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|کد مقاله||سال انتشار||تعداد صفحات مقاله انگلیسی||ترجمه فارسی|
|20457||2004||35 صفحه PDF||سفارش دهید|
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Publisher : Elsevier - Science Direct (الزویر - ساینس دایرکت)
Journal : Journal of Accounting and Economics, Volume 38, December 2004, Pages 297–331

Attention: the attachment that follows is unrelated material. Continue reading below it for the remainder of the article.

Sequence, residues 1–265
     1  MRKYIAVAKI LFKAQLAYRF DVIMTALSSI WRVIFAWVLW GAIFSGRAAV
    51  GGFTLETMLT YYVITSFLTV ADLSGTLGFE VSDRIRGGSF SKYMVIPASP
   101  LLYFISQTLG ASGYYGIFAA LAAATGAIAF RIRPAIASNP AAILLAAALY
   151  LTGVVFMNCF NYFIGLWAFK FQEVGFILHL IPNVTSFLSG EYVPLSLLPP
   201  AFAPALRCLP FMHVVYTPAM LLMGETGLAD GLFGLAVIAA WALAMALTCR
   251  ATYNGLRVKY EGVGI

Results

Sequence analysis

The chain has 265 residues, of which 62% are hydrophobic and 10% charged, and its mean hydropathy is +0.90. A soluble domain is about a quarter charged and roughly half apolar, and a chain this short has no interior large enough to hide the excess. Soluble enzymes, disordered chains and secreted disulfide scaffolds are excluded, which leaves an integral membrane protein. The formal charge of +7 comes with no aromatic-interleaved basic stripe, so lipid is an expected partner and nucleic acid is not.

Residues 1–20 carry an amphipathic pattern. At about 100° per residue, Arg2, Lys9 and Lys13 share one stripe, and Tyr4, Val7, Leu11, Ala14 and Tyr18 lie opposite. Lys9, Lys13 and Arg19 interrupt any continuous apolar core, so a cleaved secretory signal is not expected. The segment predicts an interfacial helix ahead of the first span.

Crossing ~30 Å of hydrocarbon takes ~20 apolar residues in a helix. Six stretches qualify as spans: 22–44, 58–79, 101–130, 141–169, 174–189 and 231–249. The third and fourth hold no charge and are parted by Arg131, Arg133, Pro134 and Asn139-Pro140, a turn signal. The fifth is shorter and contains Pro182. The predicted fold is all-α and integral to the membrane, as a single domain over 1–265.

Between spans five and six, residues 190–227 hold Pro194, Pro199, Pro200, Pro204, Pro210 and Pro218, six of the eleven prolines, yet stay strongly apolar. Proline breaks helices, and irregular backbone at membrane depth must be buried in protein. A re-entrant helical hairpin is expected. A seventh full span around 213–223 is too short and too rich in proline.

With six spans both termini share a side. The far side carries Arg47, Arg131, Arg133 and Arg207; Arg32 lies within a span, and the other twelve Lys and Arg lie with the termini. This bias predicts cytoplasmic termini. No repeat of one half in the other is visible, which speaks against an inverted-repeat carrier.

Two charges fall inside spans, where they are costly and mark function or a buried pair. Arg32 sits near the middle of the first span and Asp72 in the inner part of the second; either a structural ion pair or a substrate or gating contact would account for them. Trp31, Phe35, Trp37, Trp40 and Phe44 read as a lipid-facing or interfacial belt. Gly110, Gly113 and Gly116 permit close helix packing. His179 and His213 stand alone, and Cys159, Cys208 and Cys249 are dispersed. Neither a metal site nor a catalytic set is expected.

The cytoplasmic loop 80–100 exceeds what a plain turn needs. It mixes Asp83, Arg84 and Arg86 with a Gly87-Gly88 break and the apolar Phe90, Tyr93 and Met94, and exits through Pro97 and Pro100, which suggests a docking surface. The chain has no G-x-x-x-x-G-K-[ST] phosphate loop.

When cumulative net operating income (accounting value-added) outstrips cumulative free cash flow (cash value-added), subsequent earnings growth is weak. If investors with limited attention focus on accounting profitability, and neglect information about cash profitability, then net operating assets, the cumulative difference between operating income and free cash flow, measures the extent to which reporting outcomes provoke over-optimism. During the 1964–2002 sample period, net operating assets scaled by total assets is a strong negative predictor of long-run stock returns. Predictability is robust with respect to an extensive set of controls and testing methods.